Daniel and the Lions' Den

December 21, 2011 at 04:23 pm

A few months ago I posted an image that was an idea for a Bible project I was doing this semester. After quite a bit of work, I have finished the project. Below is the final image (scaled down to 50%) created using Blender (tree, cloud, grass, den) and Gimp (final composite).

Daniel in the Lions Den cross section (3D Illustration)

The goal of this project was to try to come up with a image that showed what the Lions' Den that Daniel was thrown into potentially looked like. Thus, I did research.

  • Asiatic [7]
  • Hunted by kings for sport [8,9]
  • It was a pit in a hill. [2]
  • Square [2,4]
  • Partitioned in two [2,4]
  • Had a side entrance [2,4], which makes sense if hunted by a king [8,9]
  • Has a top entrance [2,4]
  • Top entrance has wall 1.5 yards high [2]
  • Was probably sloped from the top entrance (Daniel survived being cast in) [4]
  • Lions might have had perches on the slope [4]
  • Oaks, Pines, Terebinths, Grasses, Barley, Wheat [10]
Soil (I could only find information about Mediterranean soil.)
  • Has at least two layers [11/12]
  • The top layer is darker than the lower layer [11/12]
My Interpretations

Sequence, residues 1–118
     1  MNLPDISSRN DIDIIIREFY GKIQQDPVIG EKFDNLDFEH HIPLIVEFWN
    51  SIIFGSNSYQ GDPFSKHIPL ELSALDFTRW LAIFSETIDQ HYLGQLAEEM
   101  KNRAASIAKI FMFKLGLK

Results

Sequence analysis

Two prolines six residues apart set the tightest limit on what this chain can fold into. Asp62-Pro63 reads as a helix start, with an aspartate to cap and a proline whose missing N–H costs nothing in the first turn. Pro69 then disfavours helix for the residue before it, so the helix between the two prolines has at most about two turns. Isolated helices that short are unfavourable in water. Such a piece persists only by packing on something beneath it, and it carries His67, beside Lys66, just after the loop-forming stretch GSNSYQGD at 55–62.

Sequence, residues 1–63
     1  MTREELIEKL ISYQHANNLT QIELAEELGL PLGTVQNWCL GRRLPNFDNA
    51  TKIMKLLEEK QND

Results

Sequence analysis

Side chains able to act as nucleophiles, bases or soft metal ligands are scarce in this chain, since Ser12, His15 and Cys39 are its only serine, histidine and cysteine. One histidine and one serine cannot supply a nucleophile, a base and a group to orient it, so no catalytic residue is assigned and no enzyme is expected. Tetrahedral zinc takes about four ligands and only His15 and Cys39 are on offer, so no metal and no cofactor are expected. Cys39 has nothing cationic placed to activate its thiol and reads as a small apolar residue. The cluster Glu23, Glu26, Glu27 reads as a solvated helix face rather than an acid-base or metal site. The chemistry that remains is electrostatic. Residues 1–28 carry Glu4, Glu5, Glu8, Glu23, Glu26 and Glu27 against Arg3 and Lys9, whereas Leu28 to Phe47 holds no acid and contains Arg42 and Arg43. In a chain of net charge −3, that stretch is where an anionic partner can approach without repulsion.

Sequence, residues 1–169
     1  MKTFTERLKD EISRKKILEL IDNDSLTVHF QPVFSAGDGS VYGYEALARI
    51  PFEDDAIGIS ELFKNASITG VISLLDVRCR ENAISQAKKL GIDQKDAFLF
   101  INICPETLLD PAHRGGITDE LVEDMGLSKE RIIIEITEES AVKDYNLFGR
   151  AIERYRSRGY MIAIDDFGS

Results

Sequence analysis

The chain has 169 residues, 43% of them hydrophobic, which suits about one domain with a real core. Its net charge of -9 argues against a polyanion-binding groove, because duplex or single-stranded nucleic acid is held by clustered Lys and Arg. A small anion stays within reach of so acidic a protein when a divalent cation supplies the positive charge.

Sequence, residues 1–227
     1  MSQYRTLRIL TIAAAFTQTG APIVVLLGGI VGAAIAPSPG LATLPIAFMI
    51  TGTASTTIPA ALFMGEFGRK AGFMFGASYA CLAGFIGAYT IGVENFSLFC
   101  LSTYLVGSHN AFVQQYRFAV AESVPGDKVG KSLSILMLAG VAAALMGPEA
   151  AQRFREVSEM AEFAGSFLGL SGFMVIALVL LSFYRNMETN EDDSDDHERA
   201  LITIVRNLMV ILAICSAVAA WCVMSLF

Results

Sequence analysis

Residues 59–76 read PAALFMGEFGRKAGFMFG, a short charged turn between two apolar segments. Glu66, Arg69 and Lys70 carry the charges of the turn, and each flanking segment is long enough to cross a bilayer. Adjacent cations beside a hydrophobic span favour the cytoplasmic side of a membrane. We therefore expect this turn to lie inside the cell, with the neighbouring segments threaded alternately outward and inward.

• No Daniel? I have no idea what Daniel looks like. I know he is about 80 [1], but that's it.
  • Only one lion? If I didn't have Daniel, then this wasn't when Daniel was thrown into the lion's den. There were at times more than one lion in the den, but since the king kept them there to hunt [8,9] there would also be times when there weren't a lot of lions.
  • Stones? I presume there were stones around since Daniel 6:17 [3] says a stone was placed over the mouth of the den.
  • I designed this to require the least amount of digging possible. There are two openings because this is the least number you need to have access to both compartments. It is located by a cliff since if there was a cliff, it would require less effort than digging into the rounded hill, and I've seen photos [13] that show cliffs in Iraq.
[7]Smith's Bible Dictionary by William Smith, p. 361